Ravelston pays Gordon's fine after a brief appearance before the magistrate, but a reporter hears about the case, and writes about it in the local paper. The ensuing publicity results in Gordon losing his job at the bookshop, and, consequently, his relatively 'comfortable' lifestyle. As Gordon searches for another job, his life deteriorates, and his poetry stagnates. After living with his friend Ravelston and his girlfriend Hermione during his time of unemployment, Gordon ends up working at another book shop and cheap twopenny lending library owned by the sinister Mr. Cheeseman for an even smaller wage of 30 shillings a week. This was 10 shillings less than he was earning before because he had been sacked on account of his drunken escapade. Determined to sink to the lowest level of society in a world without money or moral obligation, Gordon takes a run-down room in a dire Lambethmarker slum.

Rosemary, having avoided Gordon for some time, suddenly comes to visit him one day at his dismal lodgings. Despite his terrible poverty and shabbiness, they make love but it is without any emotion or passion. Later, Rosemary drops in one day unexpectedly at the library, having not been in touch with Gordon for some time, and tells him that she is pregnant. Gordon is presented with the choice between leaving Rosemary to a life of social shame at the hands of her family—since both of them reject the idea of an abortion—or marrying her and returning to a life of respectability by taking back the job he once so deplored at the New Albion with its £4 salary.

He chooses Rosemary and respectability and then experiences a feeling of relief at having abandoned his anti-money principles with such comparative ease. After two years of abject failure and poverty, he throws his poetic work 'London Pleasures' down a drain, marries Rosemary, and resumes his advertising career, happily plunging into a campaign to promote a new product to prevent foot odour. In his various lodgings, Gordon has always had to share his room with aspidistras which continue to thrive despite his mistreatment of them. In his lonely walks around mean streets, aspidistras seem to appear in every lower-middle class window. As the book closes, Gordon wins an argument with Rosemary to install an aspidistra in their new small but comfortable flat on London's Edgware Road.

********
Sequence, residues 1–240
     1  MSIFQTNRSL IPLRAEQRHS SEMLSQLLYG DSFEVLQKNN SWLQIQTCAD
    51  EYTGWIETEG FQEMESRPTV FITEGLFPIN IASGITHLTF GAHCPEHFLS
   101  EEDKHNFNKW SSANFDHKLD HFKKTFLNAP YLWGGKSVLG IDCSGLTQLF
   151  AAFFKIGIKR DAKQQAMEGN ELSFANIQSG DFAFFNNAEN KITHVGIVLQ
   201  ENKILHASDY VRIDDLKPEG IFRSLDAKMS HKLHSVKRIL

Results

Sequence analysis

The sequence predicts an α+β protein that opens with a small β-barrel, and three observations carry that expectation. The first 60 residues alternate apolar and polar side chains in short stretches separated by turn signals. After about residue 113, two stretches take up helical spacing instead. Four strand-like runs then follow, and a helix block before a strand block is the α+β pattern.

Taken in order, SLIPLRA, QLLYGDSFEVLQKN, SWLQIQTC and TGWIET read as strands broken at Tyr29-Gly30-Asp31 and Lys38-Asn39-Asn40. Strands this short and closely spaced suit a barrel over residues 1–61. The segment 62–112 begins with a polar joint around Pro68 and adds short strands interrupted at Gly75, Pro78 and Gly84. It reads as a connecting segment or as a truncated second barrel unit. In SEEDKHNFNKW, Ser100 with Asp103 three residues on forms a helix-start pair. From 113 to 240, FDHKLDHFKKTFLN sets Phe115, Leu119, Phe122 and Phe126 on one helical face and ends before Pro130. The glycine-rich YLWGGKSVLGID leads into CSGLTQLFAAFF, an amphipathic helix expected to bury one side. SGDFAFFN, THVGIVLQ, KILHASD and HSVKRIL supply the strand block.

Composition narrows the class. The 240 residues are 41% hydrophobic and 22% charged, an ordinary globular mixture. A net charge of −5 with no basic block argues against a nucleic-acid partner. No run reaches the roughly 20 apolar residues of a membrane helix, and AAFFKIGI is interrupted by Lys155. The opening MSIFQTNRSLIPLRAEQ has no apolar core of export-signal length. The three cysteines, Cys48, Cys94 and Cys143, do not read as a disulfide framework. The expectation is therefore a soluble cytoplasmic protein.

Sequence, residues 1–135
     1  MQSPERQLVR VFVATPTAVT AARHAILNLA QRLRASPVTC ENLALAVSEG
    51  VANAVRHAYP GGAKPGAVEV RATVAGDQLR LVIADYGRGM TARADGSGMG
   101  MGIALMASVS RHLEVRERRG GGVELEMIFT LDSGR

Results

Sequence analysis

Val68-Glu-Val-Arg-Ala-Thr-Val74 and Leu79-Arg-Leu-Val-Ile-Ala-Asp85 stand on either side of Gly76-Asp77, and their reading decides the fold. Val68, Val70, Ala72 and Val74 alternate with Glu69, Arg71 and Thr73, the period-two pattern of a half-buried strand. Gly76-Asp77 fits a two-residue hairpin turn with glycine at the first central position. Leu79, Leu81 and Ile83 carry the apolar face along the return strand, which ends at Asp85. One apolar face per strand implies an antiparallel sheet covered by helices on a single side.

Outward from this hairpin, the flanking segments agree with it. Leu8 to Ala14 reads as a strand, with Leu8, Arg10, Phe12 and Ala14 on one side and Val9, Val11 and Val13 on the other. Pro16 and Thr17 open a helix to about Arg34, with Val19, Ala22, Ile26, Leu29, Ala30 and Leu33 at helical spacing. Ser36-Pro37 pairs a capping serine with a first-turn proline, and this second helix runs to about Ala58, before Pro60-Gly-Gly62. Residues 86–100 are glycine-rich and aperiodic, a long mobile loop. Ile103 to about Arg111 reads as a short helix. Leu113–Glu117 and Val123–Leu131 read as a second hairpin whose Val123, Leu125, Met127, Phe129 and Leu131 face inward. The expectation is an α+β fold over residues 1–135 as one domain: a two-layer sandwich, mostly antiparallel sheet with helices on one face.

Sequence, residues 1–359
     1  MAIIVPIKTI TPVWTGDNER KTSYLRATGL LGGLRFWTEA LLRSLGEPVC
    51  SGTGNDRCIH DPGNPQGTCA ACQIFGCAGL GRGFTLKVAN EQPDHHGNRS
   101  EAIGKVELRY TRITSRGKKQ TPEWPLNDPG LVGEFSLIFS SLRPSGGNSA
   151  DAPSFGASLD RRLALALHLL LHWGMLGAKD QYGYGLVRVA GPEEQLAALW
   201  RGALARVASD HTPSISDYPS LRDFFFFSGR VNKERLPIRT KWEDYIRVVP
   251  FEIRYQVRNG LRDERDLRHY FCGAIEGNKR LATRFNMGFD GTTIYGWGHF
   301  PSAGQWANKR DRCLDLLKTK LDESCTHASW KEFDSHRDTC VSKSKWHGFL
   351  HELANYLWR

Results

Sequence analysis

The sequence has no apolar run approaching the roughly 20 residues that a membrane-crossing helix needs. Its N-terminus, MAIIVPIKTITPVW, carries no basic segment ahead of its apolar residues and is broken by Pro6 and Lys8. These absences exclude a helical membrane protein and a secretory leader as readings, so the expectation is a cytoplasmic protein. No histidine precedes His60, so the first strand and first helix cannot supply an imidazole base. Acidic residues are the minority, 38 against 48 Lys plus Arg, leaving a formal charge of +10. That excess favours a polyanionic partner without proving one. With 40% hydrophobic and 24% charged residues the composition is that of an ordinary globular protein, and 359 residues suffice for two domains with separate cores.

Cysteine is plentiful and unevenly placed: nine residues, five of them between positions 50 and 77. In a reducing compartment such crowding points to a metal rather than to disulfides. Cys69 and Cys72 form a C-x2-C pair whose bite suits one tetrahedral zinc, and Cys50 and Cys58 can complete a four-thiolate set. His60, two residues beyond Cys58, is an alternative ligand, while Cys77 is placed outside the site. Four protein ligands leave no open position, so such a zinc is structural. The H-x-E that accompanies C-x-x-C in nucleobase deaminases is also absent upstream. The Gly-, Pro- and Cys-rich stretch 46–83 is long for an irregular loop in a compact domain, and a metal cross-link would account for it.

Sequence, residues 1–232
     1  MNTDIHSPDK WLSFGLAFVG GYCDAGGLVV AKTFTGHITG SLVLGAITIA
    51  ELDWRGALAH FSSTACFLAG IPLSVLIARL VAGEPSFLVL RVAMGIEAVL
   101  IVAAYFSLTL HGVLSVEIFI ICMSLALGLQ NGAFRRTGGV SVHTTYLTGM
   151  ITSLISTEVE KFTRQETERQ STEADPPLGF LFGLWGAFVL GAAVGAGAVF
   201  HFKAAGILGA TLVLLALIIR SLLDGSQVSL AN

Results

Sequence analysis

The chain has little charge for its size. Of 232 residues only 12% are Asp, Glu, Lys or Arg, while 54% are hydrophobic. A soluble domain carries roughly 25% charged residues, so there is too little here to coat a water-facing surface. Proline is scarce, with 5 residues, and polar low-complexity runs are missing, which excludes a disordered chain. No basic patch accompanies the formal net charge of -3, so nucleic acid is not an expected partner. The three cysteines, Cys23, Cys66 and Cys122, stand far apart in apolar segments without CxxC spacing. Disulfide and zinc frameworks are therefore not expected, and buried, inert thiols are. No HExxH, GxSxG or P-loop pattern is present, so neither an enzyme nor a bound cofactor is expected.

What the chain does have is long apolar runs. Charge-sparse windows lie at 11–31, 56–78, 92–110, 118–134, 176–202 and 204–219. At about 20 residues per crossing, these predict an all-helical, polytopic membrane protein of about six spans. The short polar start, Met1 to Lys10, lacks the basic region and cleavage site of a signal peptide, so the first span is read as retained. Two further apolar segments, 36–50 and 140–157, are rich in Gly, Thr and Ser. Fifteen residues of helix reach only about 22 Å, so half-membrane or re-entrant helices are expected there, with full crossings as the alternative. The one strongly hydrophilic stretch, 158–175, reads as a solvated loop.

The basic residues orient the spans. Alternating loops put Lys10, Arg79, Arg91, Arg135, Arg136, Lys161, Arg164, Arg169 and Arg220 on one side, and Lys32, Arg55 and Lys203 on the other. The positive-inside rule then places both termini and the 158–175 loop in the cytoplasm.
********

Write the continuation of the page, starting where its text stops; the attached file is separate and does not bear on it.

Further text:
• Gordon Comstock is a 'well-educated and reasonably intelligent' young man possessed of a minor 'talent for writing'
  • Rosemary Waterlow - Comstock's girlfriend, whom he met at the advertising agency, but about whom little is revealed
  • Philip Ravelston - the wealthy left-wing publisher who supports and encourages Comstock
  • Julia Comstock - Gordon's sister who is as poor as he and who, having always made sacrifices for him, continues to do so
  • Mrs. Wisbeach - lodging house landlady who imposes strict rules on her tenants
  • Mr. Flaxman - fellow lodger, a salesman who is temporarily separated from his wife
  • Mr. McKechnie - the lazy Scot who owns the first bookshop
  • Mr. Cheeseman - sinister and suspicious owner of the second book shop


No need to repeat the blasphemous comments which everyone who had known Gran'pa Comsock made on that last sentence.
But it is worth pointing out that the chunk of granite on which it was inscribed weighed close on five tons and was quite certainly put there with the intention, though not the conscious intention, of making sure that Gran'pa Comstock shouldn't get up from underneath it.
If you want to know what a dead man's relatives really think of him, a good rough test is the weight of his tombstone.

Gordon and his friends had quite an exciting time with their 'subversive ideas'.